Snoring And Other Sleep Disorders
Snoring is a pretty common problem. As much as 40% of the adult American populations experience some snoring.
However, few know that snoring can be an imminent sign of a sleep disorder.
There are diversities between normal snoring and other disorders, and the effect sleep disorders can have on your health are huge.
Sleep Disorder - Sleep Apnea
Sleep apnea is a problem that is like an advanced form of snoring that can be very harmful to your health. A person suffering with this sleep disorder has obstacles of breathing lasting 10 seconds or longer while asleep, causing them to wake up frequently and harm brain cells due to lack of breath.
Sleep Apnea Symptoms
Sleep apnea symptoms include loud snoring, waking up during the night with a feeling that you are choking, insomnia, waking up gasping for air, waking up with headaches, issues with staying asleep, being overweight, waking up sweating, waking up with a feeling of not being refreshed, and having trouble staying awake during the day.
Sleep disorder sleep apnea is medically known as Obstructive Sleep Apnea Syndrome, is characterized by intense upper airway blockages that occur whilst asleep.
The airway may be blocked by a number of different things, such as large tonsils, excess tissue in the airway, a large tongue, obstruction of the nasal passages, or an abnormal jaw structure.
This syndrome can lead to depression, rapid weight gain, headaches, high blood pressure, frequent trips to the bathroom during the night, difficulty concentrating, and difficulty concentrating. Additionally, people with untreated obstructive sleep apnea run a higher risk of heart failure and stroke.
Sleep apnea is a potentially life threatening condition, which should not be treated lightly. It is important to do a sleep test, known as polysomnography, if you suspect you or someone you love is afflicted. This is the procedure used to diagnose sleep apnea. These tests are painless, and are often covered by insurance carriers.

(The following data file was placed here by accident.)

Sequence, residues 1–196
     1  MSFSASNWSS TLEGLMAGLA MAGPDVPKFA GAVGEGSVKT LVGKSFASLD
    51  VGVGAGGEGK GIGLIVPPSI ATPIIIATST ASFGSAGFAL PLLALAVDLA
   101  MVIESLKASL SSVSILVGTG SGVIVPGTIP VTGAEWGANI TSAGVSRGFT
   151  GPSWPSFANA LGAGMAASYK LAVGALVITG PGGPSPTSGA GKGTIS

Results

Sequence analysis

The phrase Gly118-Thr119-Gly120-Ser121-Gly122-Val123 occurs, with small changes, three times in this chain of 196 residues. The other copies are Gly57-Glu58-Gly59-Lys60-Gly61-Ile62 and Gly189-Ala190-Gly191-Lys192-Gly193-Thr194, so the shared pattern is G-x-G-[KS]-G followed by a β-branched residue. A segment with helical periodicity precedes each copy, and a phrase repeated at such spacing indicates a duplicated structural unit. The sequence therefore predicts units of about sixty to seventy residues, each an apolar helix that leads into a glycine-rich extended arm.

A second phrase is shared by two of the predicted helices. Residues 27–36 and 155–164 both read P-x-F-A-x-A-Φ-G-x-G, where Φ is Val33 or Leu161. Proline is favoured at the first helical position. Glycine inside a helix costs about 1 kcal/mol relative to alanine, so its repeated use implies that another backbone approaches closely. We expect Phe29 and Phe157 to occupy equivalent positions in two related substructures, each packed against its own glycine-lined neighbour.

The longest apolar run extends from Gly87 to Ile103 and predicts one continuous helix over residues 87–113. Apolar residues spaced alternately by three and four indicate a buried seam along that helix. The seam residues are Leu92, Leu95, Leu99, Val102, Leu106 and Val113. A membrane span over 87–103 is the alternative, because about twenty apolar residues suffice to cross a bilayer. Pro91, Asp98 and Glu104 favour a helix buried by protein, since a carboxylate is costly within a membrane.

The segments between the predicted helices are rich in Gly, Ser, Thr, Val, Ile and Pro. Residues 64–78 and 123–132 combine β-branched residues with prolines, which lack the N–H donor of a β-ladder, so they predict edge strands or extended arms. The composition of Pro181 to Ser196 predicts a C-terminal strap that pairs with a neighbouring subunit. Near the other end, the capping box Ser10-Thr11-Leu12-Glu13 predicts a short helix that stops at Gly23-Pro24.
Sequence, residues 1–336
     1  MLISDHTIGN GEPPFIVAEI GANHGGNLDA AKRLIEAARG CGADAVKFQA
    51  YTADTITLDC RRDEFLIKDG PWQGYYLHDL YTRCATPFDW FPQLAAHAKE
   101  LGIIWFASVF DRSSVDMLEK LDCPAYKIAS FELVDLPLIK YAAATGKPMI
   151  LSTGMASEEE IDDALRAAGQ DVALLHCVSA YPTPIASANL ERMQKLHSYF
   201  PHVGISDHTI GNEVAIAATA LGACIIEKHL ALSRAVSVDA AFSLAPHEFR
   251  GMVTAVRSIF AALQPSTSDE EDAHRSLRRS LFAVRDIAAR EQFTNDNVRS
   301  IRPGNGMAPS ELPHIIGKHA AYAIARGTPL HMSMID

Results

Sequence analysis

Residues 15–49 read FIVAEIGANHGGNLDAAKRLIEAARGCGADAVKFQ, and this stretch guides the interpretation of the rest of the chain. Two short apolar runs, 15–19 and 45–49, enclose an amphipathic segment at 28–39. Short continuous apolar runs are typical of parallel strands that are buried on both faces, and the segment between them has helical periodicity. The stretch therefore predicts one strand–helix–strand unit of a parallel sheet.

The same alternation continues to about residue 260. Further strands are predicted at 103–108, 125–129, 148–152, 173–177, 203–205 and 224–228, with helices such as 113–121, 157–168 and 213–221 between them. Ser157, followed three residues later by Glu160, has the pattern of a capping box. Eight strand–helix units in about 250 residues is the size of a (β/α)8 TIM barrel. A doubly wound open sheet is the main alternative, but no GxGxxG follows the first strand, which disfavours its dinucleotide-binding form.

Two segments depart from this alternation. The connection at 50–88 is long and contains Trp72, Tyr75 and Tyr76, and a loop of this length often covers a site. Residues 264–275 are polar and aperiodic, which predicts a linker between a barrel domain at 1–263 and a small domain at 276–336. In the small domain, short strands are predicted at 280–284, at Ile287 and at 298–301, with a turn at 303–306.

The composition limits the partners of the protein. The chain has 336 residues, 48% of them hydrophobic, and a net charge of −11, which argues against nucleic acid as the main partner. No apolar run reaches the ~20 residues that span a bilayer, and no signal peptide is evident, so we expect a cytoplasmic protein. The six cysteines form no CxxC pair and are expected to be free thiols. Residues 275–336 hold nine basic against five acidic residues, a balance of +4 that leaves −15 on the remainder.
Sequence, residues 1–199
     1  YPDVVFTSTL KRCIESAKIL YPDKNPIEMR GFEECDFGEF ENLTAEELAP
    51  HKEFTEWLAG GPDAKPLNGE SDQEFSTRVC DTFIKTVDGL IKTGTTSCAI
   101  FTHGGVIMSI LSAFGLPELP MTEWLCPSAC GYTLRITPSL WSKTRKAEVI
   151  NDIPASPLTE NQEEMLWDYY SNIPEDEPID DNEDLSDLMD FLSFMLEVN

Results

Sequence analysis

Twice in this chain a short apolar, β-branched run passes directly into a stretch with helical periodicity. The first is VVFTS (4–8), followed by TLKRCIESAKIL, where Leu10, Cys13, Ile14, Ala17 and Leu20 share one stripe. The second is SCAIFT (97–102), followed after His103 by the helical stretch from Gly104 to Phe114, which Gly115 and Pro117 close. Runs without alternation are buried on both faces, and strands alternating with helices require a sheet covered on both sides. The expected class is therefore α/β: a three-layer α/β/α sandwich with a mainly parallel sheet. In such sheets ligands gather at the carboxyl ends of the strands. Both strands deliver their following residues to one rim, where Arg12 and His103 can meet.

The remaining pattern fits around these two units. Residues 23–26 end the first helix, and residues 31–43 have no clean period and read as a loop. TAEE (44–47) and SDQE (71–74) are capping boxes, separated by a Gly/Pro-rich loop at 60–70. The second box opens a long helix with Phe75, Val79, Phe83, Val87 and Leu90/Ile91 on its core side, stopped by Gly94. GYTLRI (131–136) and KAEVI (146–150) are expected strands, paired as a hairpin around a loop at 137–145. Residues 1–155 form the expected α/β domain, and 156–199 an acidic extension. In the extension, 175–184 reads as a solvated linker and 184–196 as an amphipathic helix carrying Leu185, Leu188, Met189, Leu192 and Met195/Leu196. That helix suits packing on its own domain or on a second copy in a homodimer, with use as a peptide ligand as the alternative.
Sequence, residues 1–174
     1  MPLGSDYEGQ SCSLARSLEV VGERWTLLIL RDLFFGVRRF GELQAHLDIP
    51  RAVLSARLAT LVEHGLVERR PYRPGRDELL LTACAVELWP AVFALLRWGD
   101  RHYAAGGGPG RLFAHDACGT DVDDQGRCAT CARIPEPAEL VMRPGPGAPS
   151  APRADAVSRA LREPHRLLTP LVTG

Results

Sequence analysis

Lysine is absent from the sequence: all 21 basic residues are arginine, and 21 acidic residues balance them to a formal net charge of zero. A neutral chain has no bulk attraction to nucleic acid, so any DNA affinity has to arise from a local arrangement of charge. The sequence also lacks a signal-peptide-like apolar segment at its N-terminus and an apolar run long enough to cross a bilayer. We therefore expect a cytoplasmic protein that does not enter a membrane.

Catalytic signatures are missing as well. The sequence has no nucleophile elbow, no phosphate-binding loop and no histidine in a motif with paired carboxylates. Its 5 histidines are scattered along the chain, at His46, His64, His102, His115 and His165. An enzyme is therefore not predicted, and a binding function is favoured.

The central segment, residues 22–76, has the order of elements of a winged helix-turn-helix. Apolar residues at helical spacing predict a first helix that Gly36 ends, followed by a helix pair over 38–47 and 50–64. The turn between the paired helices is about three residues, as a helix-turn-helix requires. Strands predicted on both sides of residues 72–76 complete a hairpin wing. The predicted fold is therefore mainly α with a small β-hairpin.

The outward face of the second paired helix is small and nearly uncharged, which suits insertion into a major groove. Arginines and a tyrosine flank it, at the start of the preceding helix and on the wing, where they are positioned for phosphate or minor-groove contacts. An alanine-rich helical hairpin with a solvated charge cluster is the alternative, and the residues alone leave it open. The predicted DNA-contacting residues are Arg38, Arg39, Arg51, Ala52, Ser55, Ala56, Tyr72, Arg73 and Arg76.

Sleep Apnea Treatment
Sleep apnea treatment is done in several ways, depending on the severity of the condition. Mild sleep apnea victims are often told to take such steps as losing weight or sleeping on their side.
It is vital to follow steps for having sleep apnea treatment, as it is an incapacitating condition that gets worse over time.
A process known as a CPAP is performed for more severe cases of apnea. Standing for continuous positive airway pressure, a machine blows air into your nose with a nose mask, keeping the airway open and free of obstructions.
A Bi-PAP machine is used to deliver air through the nose at two different pressures, with variations for inhaling and exhaling if the CPAP process does not successfully cure the apnea.
Sometimes surgery is necessary, if none of the above treatments work to heal this harmful disorder. There are several surgical procedures that can be performed, many of which are done to help increase the size of the upper airway.
These surgical procedures include clearing excess tissues or changing the jaw structure to better necessitate proper breathing. This is generally performed if the positive airway pressure treatments are unsuccessful.
Hopefully, you now know exactly what you need to know about sleep apnea, one of the most serious sleep disorders related to snoring.